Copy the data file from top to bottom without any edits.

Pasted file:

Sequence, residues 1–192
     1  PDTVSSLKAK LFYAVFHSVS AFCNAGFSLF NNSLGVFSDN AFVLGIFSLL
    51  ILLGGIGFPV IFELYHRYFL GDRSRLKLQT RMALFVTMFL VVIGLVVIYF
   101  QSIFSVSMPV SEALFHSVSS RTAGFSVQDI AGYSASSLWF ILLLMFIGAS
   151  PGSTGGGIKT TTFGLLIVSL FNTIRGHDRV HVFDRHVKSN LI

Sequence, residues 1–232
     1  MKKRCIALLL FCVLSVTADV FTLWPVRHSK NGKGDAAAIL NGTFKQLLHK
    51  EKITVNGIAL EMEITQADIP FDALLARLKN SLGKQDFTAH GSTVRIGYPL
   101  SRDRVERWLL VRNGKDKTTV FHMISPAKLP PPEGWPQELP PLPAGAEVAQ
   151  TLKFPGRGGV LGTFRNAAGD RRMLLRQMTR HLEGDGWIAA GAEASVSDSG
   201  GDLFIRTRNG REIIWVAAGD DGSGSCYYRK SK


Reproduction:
Sequence, residues 1–192
     1  PDTVSSLKAK LFYAVFHSVS AFCNAGFSLF NNSLGVFSDN AFVLGIFSLL
    51  ILLGGIGFPV IFELYHRYFL GDRSRLKLQT RMALFVTMFL VVIGLVVIYF
   101  QSIFSVSMPV SEALFHSVSS RTAGFSVQDI AGYSASSLWF ILLLMFIGAS
   151  PGSTGGGIKT TTFGLLIVSL FNTIRGHDRV HVFDRHVKSN LI

Sequence, residues 1–232
     1  MKKRCIALLL FCVLSVTADV FTLWPVRHSK NGKGDAAAIL NGTFKQLLHK
    51  EKITVNGIAL EMEITQADIP FDALLARLKN SLGKQDFTAH GSTVRIGYPL
   101  SRDRVERWLL VRNGKDKTTV FHMISPAKLP PPEGWPQELP PLPAGAEVAQ
   151  TLKFPGRGGV LGTFRNAAGD RRMLLRQMTR HLEGDGWIAA GAEASVSDSG
   201  GDLFIRTRNG REIIWVAAGD DGSGSCYYRK SK